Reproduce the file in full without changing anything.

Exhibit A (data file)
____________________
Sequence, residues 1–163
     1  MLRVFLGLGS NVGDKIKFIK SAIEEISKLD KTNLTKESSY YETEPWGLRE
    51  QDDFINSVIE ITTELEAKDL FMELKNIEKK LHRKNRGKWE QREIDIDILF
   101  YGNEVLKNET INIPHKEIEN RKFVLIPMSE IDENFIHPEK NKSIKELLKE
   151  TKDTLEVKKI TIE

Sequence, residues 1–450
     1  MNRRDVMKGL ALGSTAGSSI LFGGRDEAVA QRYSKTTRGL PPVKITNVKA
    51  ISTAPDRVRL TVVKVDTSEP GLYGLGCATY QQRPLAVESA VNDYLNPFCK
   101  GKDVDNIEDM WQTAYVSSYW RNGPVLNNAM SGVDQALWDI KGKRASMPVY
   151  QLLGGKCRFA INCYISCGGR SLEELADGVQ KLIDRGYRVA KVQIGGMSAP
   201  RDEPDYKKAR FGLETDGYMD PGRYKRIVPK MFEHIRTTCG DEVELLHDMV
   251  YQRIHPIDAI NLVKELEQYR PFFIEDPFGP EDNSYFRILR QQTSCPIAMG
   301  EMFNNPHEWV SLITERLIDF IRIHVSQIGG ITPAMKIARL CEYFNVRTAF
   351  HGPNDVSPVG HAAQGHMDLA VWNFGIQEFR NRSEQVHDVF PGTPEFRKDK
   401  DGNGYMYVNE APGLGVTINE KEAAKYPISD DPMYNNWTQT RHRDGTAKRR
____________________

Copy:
Sequence, residues 1–163
     1  MLRVFLGLGS NVGDKIKFIK SAIEEISKLD KTNLTKESSY YETEPWGLRE
    51  QDDFINSVIE ITTELEAKDL FMELKNIEKK LHRKNRGKWE QREIDIDILF
   101  YGNEVLKNET INIPHKEIEN RKFVLIPMSE IDENFIHPEK NKSIKELLKE
   151  TKDTLEVKKI TIE

Sequence, residues 1–450
     1  MNRRDVMKGL ALGSTAGSSI LFGGRDEAVA QRYSKTTRGL PPVKITNVKA
    51  ISTAPDRVRL TVVKVDTSEP GLYGLGCATY QQRPLAVESA VNDYLNPFCK
   101  GKDVDNIEDM WQTAYVSSYW RNGPVLNNAM SGVDQALWDI KGKRASMPVY
   151  QLLGGKCRFA INCYISCGGR SLEELADGVQ KLIDRGYRVA KVQIGGMSAP
   201  RDEPDYKKAR FGLETDGYMD PGRYKRIVPK MFEHIRTTCG DEVELLHDMV
   251  YQRIHPIDAI NLVKELEQYR PFFIEDPFGP EDNSYFRILR QQTSCPIAMG
   301  EMFNNPHEWV SLITERLIDF IRIHVSQIGG ITPAMKIARL CEYFNVRTAF
   351  HGPNDVSPVG HAAQGHMDLA VWNFGIQEFR NRSEQVHDVF PGTPEFRKDK
   401  DGNGYMYVNE APGLGVTINE KEAAKYPISD DPMYNNWTQT RHRDGTAKRR